The joy of winter walks

Published by Emma Lee-Potter in on Tuesday 23rd February 2016

IMG_2303The wide Dorset sky is bright blue today and in a minute I’ll be off to the Purbeck Literary Festival to hear the fabulous Jill Mansell talk about her new book, You and Me, Always.

The weather looks so glorious that I’m planning to eschew the car, wrap up warm and walk the mile or so to the Grand Hotel, the clifftop hotel with breathtaking views across Swanage Bay.

By the time I get there I’ll no doubt be puffing and panting and bright red in the face – but I’ll still feel good for abandoning my desk and getting some exercise. Actually, I enjoy winter walks far more than summer strolls. The streets are less busy, the air is fresh and if you keep up a steady pace you stop feeling cold after a few minutes.

It’s fascinating to read, therefore, that researchers from the University of Cambridge have just published a study saying parents should encourage their children to be more active during the winter, particularly at weekends.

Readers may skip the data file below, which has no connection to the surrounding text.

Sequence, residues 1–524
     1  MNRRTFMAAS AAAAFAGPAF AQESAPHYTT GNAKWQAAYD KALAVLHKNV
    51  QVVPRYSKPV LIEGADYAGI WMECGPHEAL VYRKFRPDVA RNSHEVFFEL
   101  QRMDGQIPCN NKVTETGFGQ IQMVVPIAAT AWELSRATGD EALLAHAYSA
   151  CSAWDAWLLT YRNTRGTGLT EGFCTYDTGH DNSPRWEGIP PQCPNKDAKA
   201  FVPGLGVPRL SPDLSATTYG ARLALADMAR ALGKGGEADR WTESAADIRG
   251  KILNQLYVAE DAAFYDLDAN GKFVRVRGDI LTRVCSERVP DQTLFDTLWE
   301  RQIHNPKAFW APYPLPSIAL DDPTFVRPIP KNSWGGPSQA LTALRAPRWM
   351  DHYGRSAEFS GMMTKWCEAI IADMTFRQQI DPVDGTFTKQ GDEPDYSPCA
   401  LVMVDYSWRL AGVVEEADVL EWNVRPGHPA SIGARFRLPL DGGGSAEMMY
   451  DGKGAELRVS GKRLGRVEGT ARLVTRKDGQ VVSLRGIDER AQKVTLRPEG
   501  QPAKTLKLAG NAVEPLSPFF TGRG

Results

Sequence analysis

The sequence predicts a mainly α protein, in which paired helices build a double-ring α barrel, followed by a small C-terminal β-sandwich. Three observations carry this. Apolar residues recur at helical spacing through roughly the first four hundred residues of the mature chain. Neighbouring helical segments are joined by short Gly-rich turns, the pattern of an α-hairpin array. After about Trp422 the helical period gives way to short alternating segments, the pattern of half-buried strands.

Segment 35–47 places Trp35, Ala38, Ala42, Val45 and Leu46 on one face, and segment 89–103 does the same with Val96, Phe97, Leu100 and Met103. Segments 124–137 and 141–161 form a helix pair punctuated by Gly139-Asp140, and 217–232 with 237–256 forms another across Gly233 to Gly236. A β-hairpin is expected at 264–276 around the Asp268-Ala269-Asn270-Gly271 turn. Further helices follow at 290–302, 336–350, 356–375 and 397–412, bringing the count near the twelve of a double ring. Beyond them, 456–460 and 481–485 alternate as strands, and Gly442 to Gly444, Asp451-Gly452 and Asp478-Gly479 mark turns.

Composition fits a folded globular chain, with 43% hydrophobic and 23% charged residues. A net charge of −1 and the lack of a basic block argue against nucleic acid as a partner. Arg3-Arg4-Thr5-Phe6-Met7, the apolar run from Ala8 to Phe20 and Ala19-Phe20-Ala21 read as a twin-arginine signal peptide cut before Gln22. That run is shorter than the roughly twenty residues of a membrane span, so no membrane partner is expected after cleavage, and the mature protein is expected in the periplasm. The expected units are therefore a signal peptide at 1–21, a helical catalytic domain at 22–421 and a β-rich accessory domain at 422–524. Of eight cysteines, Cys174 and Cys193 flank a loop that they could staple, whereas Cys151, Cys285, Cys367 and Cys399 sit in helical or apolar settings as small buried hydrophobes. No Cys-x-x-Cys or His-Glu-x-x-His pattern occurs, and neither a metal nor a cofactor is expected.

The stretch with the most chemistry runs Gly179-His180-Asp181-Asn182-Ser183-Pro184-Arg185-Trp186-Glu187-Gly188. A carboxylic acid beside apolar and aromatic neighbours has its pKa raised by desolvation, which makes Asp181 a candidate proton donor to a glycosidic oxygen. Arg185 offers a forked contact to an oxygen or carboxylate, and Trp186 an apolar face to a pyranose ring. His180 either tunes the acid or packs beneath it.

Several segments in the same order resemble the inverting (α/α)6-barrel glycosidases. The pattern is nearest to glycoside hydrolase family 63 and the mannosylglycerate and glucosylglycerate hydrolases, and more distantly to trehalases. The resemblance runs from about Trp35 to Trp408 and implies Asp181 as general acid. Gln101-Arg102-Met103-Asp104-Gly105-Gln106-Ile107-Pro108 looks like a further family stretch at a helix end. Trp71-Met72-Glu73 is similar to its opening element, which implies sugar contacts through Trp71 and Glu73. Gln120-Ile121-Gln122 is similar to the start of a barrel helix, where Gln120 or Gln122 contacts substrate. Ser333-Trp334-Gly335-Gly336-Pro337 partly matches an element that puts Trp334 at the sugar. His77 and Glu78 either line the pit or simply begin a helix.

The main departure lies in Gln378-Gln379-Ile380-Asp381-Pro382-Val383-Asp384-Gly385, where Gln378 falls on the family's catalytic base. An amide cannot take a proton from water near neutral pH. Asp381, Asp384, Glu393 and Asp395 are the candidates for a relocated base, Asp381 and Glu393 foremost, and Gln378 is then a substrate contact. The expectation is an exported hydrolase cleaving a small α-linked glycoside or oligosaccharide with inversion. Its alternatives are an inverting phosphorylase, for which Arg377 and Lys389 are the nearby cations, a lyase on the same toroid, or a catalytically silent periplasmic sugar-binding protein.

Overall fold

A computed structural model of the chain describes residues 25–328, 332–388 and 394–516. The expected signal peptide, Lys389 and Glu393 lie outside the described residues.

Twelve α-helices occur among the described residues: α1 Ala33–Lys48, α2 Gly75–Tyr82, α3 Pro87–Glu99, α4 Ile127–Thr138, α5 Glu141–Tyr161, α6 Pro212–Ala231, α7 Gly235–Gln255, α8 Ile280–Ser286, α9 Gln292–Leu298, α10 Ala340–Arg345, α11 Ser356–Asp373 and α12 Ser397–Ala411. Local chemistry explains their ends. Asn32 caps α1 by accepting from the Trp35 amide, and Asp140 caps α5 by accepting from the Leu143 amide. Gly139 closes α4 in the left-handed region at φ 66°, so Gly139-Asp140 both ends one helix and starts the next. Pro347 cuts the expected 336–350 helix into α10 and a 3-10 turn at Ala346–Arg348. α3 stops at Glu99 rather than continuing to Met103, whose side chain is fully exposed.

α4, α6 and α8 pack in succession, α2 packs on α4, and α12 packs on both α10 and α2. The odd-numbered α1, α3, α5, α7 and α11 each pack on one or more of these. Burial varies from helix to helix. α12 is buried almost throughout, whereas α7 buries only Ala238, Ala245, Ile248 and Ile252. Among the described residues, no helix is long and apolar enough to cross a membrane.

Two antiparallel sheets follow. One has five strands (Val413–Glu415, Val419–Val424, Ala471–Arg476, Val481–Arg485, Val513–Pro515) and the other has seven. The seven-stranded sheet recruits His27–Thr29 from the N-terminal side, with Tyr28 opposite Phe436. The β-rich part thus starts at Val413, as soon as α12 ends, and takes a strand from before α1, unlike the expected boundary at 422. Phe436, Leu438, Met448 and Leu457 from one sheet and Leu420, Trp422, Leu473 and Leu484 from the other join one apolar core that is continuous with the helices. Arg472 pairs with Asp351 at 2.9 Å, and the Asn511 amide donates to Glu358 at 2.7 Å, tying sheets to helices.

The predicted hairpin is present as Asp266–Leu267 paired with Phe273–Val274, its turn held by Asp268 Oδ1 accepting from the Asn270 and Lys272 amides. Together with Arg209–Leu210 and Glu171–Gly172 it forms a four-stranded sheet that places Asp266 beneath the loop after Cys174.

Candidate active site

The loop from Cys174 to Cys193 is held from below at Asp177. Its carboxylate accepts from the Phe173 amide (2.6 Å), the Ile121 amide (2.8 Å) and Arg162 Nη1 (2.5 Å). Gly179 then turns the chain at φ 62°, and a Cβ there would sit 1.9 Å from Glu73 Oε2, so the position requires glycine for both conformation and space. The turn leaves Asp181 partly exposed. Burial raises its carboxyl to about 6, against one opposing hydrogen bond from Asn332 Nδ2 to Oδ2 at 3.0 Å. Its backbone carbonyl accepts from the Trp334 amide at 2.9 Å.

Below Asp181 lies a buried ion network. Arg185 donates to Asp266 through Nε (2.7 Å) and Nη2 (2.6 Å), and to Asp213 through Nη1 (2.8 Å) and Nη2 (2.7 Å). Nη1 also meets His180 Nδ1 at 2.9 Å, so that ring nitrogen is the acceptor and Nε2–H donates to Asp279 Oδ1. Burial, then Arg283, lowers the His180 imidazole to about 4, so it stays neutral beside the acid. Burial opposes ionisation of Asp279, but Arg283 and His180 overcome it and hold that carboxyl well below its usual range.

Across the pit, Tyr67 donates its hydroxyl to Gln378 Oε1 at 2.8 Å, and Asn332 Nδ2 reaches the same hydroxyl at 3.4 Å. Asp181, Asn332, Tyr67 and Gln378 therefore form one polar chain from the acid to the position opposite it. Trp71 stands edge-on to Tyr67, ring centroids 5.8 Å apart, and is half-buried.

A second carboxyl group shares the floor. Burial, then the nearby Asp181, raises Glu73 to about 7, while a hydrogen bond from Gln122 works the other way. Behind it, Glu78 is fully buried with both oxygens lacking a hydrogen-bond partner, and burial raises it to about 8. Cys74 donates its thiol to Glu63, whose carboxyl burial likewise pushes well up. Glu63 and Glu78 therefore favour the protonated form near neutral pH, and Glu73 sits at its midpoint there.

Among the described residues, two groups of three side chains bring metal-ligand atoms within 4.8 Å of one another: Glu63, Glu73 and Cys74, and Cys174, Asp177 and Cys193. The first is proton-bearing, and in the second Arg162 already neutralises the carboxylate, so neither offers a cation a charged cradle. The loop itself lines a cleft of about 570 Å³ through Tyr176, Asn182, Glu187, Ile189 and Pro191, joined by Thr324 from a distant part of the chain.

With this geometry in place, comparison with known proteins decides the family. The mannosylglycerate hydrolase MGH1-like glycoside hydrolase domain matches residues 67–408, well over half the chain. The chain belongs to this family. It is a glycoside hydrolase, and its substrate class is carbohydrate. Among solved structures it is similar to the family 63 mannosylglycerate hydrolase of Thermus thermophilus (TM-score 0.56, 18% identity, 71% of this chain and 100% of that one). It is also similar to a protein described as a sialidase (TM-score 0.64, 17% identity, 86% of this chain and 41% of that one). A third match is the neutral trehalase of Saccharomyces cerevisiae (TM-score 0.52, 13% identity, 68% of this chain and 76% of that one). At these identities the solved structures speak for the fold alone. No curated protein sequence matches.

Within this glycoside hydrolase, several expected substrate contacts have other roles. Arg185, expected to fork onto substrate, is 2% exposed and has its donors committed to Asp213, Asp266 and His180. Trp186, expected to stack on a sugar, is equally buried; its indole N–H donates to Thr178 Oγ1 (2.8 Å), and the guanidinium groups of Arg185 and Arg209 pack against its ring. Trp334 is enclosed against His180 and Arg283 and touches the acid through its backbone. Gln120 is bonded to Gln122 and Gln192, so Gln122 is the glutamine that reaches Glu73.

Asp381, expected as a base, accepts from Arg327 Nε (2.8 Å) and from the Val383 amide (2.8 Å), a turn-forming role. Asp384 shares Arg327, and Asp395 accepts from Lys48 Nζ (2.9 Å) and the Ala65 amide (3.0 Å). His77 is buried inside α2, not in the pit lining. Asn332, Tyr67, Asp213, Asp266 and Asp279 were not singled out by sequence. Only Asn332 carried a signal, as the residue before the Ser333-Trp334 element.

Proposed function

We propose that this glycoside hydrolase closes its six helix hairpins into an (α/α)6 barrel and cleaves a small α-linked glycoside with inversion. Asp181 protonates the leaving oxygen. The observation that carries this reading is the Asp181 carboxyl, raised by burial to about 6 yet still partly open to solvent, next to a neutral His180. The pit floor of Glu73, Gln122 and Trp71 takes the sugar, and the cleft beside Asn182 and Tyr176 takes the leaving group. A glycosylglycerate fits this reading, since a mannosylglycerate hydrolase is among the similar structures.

Apparently youngsters are less active and spend far more time sitting indoors in the autumn and winter than at other times of the year – even though public health guidelines state that children should get at least an hour a day of “moderate to vigorous intensity” physical activity. This could be brisk walking, running, playing sport or exercising, but experts reckon that children should minimise the amount of time they spend lounging around inside for hours on end.

I reckon the same applies to adults. Whether I’m walking to meetings in London (when I reach my daily target of 10,000 steps far more easily than in the countryside) or wandering along the wild Dorset coastline I feel so much better for being outside. Speaking of which, I’d better get my walking shoes on…

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